Succession coffee mugs and dresses from The Crown: hit TV shows sell off prized props

<span>Photograph: Guy Bell/REX/Shutterstock</span>
Photograph: Guy Bell/REX/Shutterstock

Celebrities are notorious for taking props from sets to keep as personal momentos. Daniel Radcliffe has admitted to taking several pairs of Harry Potter’s spectacles, while Adam Driver took home a lightsaber when filming wrapped on Star Wars. However, this could soon be a thing of the past as props from many of our most-loved TV shows are going up for auction.

Instead of reusing or archiving props and costumes, production companies are teaming up with auction houses to sell off entire sets from popular television series.

This week, the auction house Bonhams launched a free exhibition in London displaying more than 450 items from Netflix’s historical drama The Crown, which are to go under the hammer in two separate auctions in February.

Spanning everything from a replica of Diana’s “revenge” dress worn in the show by the actor Elizabeth Debicki – the original sold in 1997 for nearly £40,000 – to two miniature porcelain corgis modelled on versions spotted on Queen Elizabeth II’s desk at Windsor Castle, it is estimated the auction could make more than £1m.

However, this pales in comparison with the show’s vast budgets. Last year, financial statements revealed that each of the 10 episodes in season five cost £11.6m for each hour with lavish set designs skyrocketing the budget. However, the auction isn’t an attempt to recoup costs. Proceeds from a special live auction featuring 161 lots are going to a new programme for film students, the Left Bank Pictures – The Crown Scholarship, at the National Film and Television School.

While celebrity estate sales are commonplace, more recently a growing market for onscreen memorabilia has piqued public interest. Charlie Thomas, the head of sales at Bonhams, says The Crown auction is the first time an entire set from a singular production has gone on sale in the UK. “It’s completely unique, nothing like this has ever happened before.”

Elsewhere, on Sunday more than 200 items, including Waystar-branded coffee mugs, a “ludicrously capricious” Burberry bag and four “Boar on the Floor” plastic sausages, will go under the hammer as the US Heritage Auctions sells off a slew of one-of-a-kind keepsakes from the cult HBO TV show Succession.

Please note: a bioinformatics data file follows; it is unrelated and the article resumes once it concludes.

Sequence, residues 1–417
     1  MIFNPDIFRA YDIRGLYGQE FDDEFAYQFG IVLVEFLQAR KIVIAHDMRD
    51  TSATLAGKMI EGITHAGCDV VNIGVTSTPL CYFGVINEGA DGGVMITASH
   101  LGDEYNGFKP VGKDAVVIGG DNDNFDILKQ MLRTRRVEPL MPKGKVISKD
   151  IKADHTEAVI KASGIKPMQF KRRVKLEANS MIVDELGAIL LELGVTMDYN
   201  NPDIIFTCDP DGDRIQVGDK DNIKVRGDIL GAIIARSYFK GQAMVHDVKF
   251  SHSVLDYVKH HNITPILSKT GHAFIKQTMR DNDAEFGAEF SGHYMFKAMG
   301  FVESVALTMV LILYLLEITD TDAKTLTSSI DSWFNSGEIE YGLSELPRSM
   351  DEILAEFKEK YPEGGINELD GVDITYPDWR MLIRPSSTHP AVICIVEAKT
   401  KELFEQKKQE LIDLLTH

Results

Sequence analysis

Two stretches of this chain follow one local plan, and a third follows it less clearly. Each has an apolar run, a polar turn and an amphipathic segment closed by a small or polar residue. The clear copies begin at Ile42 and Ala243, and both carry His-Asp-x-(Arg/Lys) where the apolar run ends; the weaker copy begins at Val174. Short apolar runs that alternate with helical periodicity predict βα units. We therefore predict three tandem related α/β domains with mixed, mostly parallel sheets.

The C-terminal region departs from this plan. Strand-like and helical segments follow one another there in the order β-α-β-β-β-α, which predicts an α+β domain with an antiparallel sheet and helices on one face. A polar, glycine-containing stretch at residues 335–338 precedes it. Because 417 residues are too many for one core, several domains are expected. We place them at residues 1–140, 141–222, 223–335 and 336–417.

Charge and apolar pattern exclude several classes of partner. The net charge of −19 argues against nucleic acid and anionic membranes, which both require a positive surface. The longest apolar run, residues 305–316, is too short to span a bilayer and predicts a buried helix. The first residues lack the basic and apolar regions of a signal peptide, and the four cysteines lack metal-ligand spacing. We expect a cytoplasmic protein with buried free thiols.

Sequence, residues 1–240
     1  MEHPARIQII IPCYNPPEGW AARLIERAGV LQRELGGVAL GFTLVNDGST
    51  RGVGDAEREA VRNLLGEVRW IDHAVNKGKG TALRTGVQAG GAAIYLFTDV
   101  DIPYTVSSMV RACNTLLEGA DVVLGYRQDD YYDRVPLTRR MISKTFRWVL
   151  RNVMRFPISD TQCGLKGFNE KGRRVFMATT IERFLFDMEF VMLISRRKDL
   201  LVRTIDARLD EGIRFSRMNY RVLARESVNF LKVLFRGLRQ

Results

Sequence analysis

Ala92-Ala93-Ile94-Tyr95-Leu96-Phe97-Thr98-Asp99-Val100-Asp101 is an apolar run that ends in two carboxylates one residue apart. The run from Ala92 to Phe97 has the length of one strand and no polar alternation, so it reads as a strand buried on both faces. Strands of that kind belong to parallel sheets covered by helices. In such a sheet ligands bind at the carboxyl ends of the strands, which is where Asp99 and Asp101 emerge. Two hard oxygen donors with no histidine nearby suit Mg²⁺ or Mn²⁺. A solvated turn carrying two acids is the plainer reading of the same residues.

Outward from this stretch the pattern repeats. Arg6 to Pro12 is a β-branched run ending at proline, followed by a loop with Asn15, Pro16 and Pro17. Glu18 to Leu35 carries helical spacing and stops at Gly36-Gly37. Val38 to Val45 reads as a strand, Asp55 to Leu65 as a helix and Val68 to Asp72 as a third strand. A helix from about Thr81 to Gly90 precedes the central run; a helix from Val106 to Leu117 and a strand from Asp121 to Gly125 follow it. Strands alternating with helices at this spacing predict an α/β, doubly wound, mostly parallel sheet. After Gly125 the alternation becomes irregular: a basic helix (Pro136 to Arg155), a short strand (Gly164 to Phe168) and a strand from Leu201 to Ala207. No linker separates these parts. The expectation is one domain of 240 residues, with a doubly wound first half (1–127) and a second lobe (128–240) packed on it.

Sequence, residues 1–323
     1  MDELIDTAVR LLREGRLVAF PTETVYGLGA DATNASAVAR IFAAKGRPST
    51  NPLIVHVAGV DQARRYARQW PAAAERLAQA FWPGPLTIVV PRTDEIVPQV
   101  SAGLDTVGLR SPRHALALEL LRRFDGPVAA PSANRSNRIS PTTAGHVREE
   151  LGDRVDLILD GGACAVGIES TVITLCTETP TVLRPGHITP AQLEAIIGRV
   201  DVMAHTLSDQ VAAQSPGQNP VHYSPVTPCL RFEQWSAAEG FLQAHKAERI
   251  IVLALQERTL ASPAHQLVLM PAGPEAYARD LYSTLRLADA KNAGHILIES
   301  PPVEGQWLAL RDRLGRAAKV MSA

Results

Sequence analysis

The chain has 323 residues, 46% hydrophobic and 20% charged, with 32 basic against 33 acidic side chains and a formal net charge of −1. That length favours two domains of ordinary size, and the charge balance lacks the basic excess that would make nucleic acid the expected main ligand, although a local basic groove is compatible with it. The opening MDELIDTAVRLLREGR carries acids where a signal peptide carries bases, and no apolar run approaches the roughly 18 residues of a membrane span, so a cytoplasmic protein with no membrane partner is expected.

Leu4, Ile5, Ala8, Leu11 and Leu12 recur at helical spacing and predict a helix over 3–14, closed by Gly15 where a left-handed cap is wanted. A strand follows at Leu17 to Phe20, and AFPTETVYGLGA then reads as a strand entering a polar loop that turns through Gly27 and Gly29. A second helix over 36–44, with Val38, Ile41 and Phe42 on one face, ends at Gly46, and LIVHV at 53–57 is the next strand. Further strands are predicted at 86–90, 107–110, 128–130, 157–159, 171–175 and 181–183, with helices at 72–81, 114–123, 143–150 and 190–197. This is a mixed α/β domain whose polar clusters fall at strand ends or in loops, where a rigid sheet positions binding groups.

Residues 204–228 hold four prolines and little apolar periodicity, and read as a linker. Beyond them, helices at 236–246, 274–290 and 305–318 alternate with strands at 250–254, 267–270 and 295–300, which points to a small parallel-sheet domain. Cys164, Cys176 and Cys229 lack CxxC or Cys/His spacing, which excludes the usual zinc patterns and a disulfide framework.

Jax Strobel, Heritage Screenbid’s managing director who worked with HBO to assemble the online sale, describes the response from the public as “extraordinary”.

The most viewed items on the site include Kendall Roy’s Waystar Royco plastic ID badge and Tom Wambsgans’s black Calvin Klein wallet that includes a fake black credit card and wad of dollar bills. “Many fans have focused on the hidden details revealed in the documents created by a prop department,” Strobel says, highlighting Roman Roy’s undelivered eulogy written on pink note cards and a birthday card from Logan to Kendall, the happy birthday missive crossed out and replaced by “Cash Out and Fuck Off” handwritten in blue ink.

Meanwhile, a tutu worn by Sarah Jessica Parker in the opening credits of Sex and The City and originally found by the show’s costume designer, Patricia Field, in a “five-dollar bin at a midtown fashion showroom” is estimated to fetch over £10,000 in an online auction next week.

As for who will buy a replica of the coronation chair or a reproduction of Diana’s engagement ring, it’s anyone guess, with inquiries from America to the Middle East. Thomas says he could see the life-size replica of the gold state coach, estimated to fetch between £30,000 to £50,000, in a Las Vegas nightclub. As for the facade of No 10 Downing Street (£20,000 to £30,000), sans Larry the cat, would it surprise anyone if Boris Johnson placed a winning bid to secure it for parties at his moated mansion in Oxfordshire?

Not all fans are happy. “Only people with Succession money can participate at this point,” reads one comment on a Reddit forum flagging that bids for a stunt foam can of cranberry sauce used by Logan Roy to strike his grandson stand at over £260. Others have pointed out that many of the more generic royal pieces from The Crown’s set could have been reused elsewhere for sustainability purposes.